Medicaid Fraud Control Unit Investigations
With Medicaid Fraud Control Units (MFCUs) reporting $1.9 billion in recoveries, over 1,500 criminal convictions, and almost 1000 civil cases resulting in a recovery, in fiscal year 2016, it is more important than ever to hire counsel that is experienced and knowledgeable in both criminal and civil healthcare fraud related matters. No longer is it suitable to retain counsel with a practice confined to civil or administrative matters. Experienced counsel with a team building approach to representation, like Rosenblat Law, is the only reasonable means to combat the governments’ aggressive prosecution of healthcare fraud.
The MFCU report stated that cases resolved to the governments’ benefit were at a 5-year high, with the majority of criminal cases relating to personal services, followed by nursing care. With 74% of the criminal convictions involved fraud allegations.
MFCUs were created in 1977 as part of the Medicare-Medicaid Anti-Fraud and Abuse Amendments. MFCUs are only authorized to investigate provider fraud, not fraud perpetrated by beneficiaries.
Medicaid and Medicare fraud, prosecutions typically revolve around a number of fraudulent schemes. These often include one of the following:
- Billing for services not provided can include false claims submitted for tests not performed, services not provided, or even claims submitted for beneficiaries after their death.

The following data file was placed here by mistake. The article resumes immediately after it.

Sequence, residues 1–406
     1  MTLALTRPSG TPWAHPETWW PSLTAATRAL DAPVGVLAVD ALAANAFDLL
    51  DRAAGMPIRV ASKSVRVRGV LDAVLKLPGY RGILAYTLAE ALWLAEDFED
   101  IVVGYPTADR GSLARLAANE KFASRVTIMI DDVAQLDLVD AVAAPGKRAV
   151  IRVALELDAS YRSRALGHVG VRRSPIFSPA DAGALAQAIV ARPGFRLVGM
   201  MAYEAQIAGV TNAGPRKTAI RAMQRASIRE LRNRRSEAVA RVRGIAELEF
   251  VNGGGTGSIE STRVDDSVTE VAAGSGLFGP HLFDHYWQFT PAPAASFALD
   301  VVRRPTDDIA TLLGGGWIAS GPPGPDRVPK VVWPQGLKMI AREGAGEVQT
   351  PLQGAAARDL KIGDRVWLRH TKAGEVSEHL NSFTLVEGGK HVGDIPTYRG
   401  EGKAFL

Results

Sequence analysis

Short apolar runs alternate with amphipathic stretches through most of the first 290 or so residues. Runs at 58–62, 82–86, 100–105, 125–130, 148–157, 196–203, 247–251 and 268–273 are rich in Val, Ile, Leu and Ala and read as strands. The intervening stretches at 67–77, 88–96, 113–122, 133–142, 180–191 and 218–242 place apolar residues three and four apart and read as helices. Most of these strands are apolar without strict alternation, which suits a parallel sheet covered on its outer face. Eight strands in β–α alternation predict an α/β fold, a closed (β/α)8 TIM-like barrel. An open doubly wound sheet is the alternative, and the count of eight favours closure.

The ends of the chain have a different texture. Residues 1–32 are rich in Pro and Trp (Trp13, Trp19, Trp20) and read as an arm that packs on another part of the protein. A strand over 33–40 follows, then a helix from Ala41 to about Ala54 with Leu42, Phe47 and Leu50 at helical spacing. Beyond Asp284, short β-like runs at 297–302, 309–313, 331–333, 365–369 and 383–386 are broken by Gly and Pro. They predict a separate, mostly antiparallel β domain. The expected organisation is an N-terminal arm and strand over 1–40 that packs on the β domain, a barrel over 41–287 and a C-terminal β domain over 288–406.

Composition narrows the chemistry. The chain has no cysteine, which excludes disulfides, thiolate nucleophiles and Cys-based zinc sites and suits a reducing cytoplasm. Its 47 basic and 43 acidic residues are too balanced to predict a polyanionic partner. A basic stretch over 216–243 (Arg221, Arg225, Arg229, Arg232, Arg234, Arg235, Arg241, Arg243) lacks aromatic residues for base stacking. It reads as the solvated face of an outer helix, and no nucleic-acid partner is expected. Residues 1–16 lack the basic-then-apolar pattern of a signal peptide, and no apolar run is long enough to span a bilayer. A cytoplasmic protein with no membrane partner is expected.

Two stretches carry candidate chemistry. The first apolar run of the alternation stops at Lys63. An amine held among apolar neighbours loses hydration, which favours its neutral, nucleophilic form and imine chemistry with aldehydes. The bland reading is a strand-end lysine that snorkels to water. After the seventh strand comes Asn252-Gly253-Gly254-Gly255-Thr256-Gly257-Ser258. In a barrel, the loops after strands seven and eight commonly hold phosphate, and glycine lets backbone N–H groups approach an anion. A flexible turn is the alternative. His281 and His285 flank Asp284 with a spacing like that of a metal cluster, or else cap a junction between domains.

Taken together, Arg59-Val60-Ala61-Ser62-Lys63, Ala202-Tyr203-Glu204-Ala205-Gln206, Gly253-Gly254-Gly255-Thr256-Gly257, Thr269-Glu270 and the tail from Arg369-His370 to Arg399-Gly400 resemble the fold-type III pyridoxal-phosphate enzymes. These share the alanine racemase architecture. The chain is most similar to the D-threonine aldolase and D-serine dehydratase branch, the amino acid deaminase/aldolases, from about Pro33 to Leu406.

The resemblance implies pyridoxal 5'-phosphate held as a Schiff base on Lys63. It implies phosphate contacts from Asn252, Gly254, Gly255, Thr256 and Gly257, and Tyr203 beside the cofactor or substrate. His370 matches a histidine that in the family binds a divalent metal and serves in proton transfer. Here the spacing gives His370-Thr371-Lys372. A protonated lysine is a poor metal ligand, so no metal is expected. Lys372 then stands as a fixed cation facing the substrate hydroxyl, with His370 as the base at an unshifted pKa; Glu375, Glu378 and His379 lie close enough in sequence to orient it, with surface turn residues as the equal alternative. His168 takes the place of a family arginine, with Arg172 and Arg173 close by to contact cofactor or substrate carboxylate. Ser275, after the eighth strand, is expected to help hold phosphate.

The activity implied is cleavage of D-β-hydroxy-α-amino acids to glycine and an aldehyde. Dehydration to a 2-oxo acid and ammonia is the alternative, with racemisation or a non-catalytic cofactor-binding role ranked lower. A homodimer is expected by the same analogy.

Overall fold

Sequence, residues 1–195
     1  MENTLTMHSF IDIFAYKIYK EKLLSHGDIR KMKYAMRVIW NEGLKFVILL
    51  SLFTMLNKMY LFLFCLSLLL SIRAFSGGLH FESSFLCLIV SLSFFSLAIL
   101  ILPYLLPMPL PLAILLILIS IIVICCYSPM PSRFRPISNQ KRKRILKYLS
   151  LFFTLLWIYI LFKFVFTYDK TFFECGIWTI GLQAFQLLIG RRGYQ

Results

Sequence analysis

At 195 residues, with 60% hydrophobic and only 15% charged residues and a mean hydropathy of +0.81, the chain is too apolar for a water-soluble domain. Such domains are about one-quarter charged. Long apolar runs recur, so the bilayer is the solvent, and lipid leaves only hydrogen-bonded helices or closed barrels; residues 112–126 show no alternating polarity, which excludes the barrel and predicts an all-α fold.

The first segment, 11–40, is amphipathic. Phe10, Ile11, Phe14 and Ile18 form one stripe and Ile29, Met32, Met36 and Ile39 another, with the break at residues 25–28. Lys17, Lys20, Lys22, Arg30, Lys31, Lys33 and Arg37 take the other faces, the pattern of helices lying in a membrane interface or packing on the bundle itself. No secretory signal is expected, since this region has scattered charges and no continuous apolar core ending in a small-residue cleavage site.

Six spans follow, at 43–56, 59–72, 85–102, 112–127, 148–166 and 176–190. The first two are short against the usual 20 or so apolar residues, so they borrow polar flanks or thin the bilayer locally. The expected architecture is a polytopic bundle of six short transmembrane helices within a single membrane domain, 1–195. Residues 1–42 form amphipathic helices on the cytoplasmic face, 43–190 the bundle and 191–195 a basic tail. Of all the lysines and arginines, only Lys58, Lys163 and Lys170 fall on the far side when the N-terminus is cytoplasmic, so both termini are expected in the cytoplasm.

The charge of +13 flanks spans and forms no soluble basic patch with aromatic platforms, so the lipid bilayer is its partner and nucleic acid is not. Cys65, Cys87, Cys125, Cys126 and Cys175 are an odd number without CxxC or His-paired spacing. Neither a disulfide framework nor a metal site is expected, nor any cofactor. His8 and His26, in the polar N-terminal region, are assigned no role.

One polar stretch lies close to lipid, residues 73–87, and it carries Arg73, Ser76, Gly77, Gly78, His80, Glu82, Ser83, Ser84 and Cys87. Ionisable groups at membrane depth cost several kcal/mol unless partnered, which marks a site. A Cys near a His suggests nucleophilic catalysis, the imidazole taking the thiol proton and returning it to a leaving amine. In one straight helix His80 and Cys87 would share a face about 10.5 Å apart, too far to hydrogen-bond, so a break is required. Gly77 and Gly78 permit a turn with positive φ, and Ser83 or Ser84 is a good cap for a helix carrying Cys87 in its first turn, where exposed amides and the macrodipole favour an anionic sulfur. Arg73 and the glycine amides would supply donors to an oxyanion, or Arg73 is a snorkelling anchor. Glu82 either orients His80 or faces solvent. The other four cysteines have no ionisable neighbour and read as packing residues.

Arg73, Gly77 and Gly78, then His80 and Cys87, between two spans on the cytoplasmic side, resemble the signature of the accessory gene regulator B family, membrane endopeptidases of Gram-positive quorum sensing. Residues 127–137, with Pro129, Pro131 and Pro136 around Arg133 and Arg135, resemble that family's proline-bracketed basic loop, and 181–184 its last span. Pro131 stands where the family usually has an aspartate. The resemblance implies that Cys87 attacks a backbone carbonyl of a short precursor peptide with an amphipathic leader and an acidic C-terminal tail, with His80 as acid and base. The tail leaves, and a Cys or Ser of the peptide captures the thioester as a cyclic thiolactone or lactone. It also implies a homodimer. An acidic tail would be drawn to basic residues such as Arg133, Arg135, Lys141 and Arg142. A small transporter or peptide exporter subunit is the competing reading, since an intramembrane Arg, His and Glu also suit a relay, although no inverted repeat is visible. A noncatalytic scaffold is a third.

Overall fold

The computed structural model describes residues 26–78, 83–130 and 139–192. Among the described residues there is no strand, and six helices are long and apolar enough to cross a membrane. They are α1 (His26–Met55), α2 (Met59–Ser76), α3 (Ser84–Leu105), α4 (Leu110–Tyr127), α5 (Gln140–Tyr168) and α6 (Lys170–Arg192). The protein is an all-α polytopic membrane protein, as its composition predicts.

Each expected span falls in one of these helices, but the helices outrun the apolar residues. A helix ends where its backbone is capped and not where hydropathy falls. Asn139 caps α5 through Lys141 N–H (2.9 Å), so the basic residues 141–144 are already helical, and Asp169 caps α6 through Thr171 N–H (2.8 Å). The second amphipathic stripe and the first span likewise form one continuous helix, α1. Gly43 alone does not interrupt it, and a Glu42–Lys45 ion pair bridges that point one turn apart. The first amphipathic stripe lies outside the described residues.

- Double billing when providers submit multiple claims for the same procedure, or when different providers submit false claims for the same service which only one provider performed.
- Billing for visits that never occurred is another common scheme that is closely related to doubling billing, except in this case no services were provided.
- Kickback violations, which render tainted claims non-reimbursable, often relate to one provider requiring another provider to provide compensation or certain services. These claims can relate to a nursing home requiring another provider, such as a pharmacy to pay the nursing home for the pharmacy business, or a physician and x-ray clinic entering into a referral arrangement where the clinic provides a kickback for the patients referred.
- Submitting claims for more than 24 hours for timed services is a common scheme that is alleged related to psychological and other timed services.
- Un-credentialed or falsely credentialed providers who submit claims. These providers are usually not authorized to submit claims or receive payment.
- Prescription drug fraud often occurs when claims from more expensive brand name drugs are submitted to Medicaid, but less costly generic drugs are provided to the Medicaid beneficiary. Pharmacies may also short-fill prescriptions by submitting claims for more drugs than were actually provided to the beneficiary.
- Billing for services or tests that are medically unnecessary is also a common allegation of fraud.
- Upcoding procedures or equipment occurs when a provider submits a claim under a more expensive procedure code, or submits a claim for more expensive equipment than was provided.
- Cost Report Fraud is often related to personal expenses being included in nursing home cost reports by nursing home operators or owners.
To discuss representation if you have been contracted by the MFCU, a government agency or contractor, or obtain legal advice related to any healthcare fraud matter, contact Rosenblat Law.